Perspectives, news, and announcements from the Center that will ignite your passion for wellbeing.

Human Flourishing: If Not Now, When?

May 4, 2015

There is a lot that gets in the way of human flourishing. In the world today, we face such seemingly unsolvable problems including poverty, climate change, food security, clean water, and violence, to name just a few. These profound challenges are not unrelated. Lack of education contributes to unemployment, which in turn, contributes to poverty. In communities where there is poverty and a lack of jobs, there is also a higher rate of crime and violence. In the United States, we have “failing schools” where children are graduating without the skills to advance in education or be successful in life. While it is easy to point the finger at teachers, in fact, it is much more complicated. Assuring teacher competency is of course critical, but it is also essential to look at the social and environmental factors impacting a child’s ability to learn. We must also examine the lack of funding and resources that contribute to learning delays. Whole systems thinking is critical for addressing the complex social problems we face today.

In his recent State of the University address, President Kaler spoke about the role of the University of Minnesota in addressing the grand challenges that our society is facing. Our University is unique, he noted, in our capacity to bring together leading experts across disciplines that can help identify solutions, and infuse this interdisciplinary approach through the curriculum and in public engagement. To date, grand challenges being discussed include climate change, food security, world hunger, and disease.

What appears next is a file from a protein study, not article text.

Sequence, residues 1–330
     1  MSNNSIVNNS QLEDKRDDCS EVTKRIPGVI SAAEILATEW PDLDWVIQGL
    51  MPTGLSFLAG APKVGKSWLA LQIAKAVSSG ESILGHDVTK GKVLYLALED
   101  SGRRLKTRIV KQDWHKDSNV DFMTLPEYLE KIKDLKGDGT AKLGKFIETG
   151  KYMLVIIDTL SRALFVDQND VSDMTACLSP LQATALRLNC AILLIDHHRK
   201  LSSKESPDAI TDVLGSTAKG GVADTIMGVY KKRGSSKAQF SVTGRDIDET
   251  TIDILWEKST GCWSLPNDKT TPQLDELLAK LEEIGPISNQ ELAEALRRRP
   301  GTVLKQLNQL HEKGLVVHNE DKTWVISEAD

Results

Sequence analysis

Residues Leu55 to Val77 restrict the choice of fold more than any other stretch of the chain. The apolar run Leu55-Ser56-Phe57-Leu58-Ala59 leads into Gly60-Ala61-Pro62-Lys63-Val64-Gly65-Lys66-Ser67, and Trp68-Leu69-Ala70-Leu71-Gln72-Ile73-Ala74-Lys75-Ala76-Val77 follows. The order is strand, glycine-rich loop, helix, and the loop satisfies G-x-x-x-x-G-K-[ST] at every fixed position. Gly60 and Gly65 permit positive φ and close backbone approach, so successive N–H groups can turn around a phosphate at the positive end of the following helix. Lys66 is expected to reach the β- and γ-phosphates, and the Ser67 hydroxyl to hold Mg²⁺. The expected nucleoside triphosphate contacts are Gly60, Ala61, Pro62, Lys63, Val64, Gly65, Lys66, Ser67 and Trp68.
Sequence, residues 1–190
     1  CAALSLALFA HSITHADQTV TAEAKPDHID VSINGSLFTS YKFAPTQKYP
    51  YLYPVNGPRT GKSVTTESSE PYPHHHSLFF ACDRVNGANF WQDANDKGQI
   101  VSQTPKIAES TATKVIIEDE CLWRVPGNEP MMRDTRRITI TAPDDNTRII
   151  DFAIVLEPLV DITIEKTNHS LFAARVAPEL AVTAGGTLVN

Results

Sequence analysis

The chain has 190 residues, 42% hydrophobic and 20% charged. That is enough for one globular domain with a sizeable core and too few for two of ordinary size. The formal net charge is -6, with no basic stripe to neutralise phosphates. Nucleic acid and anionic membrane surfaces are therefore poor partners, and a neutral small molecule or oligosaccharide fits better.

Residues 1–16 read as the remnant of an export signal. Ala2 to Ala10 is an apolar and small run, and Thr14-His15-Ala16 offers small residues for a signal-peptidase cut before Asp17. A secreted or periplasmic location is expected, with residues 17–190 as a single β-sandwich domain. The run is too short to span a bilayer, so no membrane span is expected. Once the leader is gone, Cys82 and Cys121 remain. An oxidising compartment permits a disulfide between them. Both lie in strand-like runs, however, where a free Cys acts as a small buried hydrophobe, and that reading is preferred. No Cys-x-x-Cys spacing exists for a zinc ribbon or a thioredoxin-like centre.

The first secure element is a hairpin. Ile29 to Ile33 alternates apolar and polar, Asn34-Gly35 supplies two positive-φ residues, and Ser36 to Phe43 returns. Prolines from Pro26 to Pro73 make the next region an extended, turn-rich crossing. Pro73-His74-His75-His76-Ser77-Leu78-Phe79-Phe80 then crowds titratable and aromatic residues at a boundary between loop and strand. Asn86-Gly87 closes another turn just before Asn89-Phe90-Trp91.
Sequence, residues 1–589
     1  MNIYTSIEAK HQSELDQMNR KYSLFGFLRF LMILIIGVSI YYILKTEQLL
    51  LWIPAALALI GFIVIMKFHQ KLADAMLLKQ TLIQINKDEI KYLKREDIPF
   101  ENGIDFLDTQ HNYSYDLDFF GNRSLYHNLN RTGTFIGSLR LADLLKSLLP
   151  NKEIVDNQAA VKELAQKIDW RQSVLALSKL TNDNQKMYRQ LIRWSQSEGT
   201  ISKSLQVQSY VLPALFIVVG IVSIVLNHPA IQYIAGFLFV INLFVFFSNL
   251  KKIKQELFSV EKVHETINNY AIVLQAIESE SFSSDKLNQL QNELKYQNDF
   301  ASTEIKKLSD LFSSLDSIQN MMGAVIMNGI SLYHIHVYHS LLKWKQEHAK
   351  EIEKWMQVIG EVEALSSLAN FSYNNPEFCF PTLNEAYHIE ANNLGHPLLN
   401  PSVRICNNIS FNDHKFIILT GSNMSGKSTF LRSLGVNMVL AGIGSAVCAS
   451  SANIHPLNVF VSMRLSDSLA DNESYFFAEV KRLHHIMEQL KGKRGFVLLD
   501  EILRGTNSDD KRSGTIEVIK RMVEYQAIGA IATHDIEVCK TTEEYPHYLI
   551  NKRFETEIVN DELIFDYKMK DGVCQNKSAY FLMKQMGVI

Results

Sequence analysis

In addition to these important challenges, I would like to see the University address the issue of human flourishing. When you think about it, what greater challenge is there? How do we create the conditions that enable people to attain high levels of wellbeing in their lives? What needs to happen in schools and neighborhoods so that kids flourish and attain their full potential? What economic systems are most effective in creating opportunities and reducing inequities? What needs to happen in our workplaces so that in addition to producing outcomes needed from a business perspective, they also contribute purpose and meaning in the lives of the people who work there? What design elements are most critical in creating communities and cities that address all aspects of wellbeing? There is not an area of the University that would not be engaged in a grand challenge of this scope!

The Center’s wellbeing initiative is rapidly establishing the foundation for human flourishing work within and beyond the University. In addition to working with the University of Minnesota Office of Human Resources on wellbeing and engagement, the Center is engaged locally and nationally with clinical, corporate, and community-based efforts focused on cultivating wellbeing in our lives, workplaces, and communities. We are working to advance the bold notion that wellbeing and human flourishing should become strategic priorities and policy imperatives. More to come on this in the year ahead. In this issue of the Mandala, I hope you enjoy reading about the many seeds we are planting as we advance this work.


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Mandala is a biannual magazine produced by Bakken Center for Spirituality & Healing. It captures the core aspects of the Center: reflection, transformation, spirituality, creation, and the ongoing journey that continues to shape what we are to become.

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